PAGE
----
“Yeah, but when I got home I didn’t get it.”

·       The seed in the weed patch represents those who are easily distracted by what’s going on around them. Where’s Tom? He was supposed to be presenting his topic this morning.

“Sir, he’s got football practice.”

·       Which leaves the seed which fell on the good soil and grew and flourished: This year Gemma has worked conscientiously; has taken a pride in her work and has shown evidence of real progress. She takes an active role in class discussions and is always prepared to ask when she doesn’t understand.

To me, the point about parables is that they are supposed to make us think. Too many of my students want to be spoon-fed. “I don’t get it.” Is the perpetual whine of most teenagers in the classroom and it’s shorthand for “I can’t be bothered to think about it.”

Well, we may not be teenagers but don’t we sometimes find ourselves in a similar mindset? “This is too hard. Just tell me!” It doesn’t say much for our discipleship does it?

“Whoever has ears, let them hear!” We’re supposed to struggle with it because often Jesus does leave the parable with its hidden moral unexplained and we are expected to be the seed that lands on fertile ground. “Whoever has ears, let them hear.”
.” The Theologian N.T. Wright once wrote, "For too long we've read Scripture with 19th century eyes and 16th century questions. It's time we get back to reading with 1st century eyes and 21st century questions.” I identify very strongly with this observation: what are we today to make of the parables?
 
We look at the parables today - and this may just be me, of course, - but they lose something by their familiarity: “Oh yeah, I know that one.” And we pay less attention. They are also stories of their time and reveal the culture and concerns of the people of Jesus’ day. That impact may be to some extent lost on us today but we mustn’t underestimate the impact those stories would have had then: Jesus wrapped up his teaching in examples from everyday life that people could identify with. He talks about family life because everyone was, or had been, in a family; at a time when people built their own homes, he used building as an example; when most people were subsistence farmers, Jesus talked about agriculture; in today’s passage Jesus uses cooking as an example and on other occasions he talked about housekeeping; today he addresses the fishermen in his audience; today he talks about buying and selling. “The Kingdom of God is like this ….” By using simple examples from everyday life Jesus makes his message more understandable.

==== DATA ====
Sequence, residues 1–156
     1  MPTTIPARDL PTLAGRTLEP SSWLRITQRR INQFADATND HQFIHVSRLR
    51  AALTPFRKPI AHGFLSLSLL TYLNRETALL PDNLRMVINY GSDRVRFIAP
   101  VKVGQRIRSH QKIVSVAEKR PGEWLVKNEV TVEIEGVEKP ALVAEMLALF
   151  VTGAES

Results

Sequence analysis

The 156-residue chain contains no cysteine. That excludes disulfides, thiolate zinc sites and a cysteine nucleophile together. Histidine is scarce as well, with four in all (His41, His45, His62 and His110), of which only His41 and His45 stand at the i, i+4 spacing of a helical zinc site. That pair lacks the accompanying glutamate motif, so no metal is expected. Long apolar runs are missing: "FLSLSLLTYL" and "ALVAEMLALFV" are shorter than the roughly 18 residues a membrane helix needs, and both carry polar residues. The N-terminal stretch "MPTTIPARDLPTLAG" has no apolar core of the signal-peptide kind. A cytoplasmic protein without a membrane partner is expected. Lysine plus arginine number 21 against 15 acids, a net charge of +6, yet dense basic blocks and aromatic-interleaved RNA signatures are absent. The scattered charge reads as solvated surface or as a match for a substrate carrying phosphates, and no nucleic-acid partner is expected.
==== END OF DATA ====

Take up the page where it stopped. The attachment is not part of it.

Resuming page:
I think we all have a tendency to do that don’t we? I realised after I’d written it that I had done the same: to help make my point I talked about life in the classroom. We’ve all been teenagers. Many of us are parents. We understand about school. I simply put Jesus’ parable into a more modern context and I understand it better as a consequence.

Take the parable of the Good Samaritan: it’s one that I’ve used in the classroom regularly with 11 and 12 year olds. I read it to them. They look at me as if to say “So what?” Then I explain to them that I’ve been to Israel and I’ve done the journey from Jerusalem to Jericho – albeit by air-conditioned coach – and that it would be a difficult trek to make on foot because of the inhospitable semi-desert landscape and I show them pictures.

 At the time of Jesus it was a notorious place for the mugging of the lone or unwary traveller. When Jesus told this story, “There was a man who set off from Jerusalem to Jericho ….” His audience would have identified with the context: many would have done that journey themselves or they’d have known someone else who had. They knew about the trauma of that journey in the heat of the day through an arid landscape and of the importance of travelling in a group for safety. When Jesus talked of a lone traveller he’d got their attention because they were already forming an opinion of someone who was foolish enough to go on his own. Now my kids are listening because it’s become real.

Then their task is to update the story because finding a modern context for the moral makes that moral more compelling. It becomes about them, not some people from ancient history. And they are very creative: they talk about Leeds United fans being beaten up by Manchester United fans and, bleeding in the gutter with no mobile phones, are ignored by passing nuns – you’d be amazed by how many nuns are walking the streets where my pupils live – before being taken care of by a decent upright Manchester United fan. We’ve had soldiers in a war zone, astronauts and aliens. You name it and my kids can use it to retell the Parable of The Good Samaritan.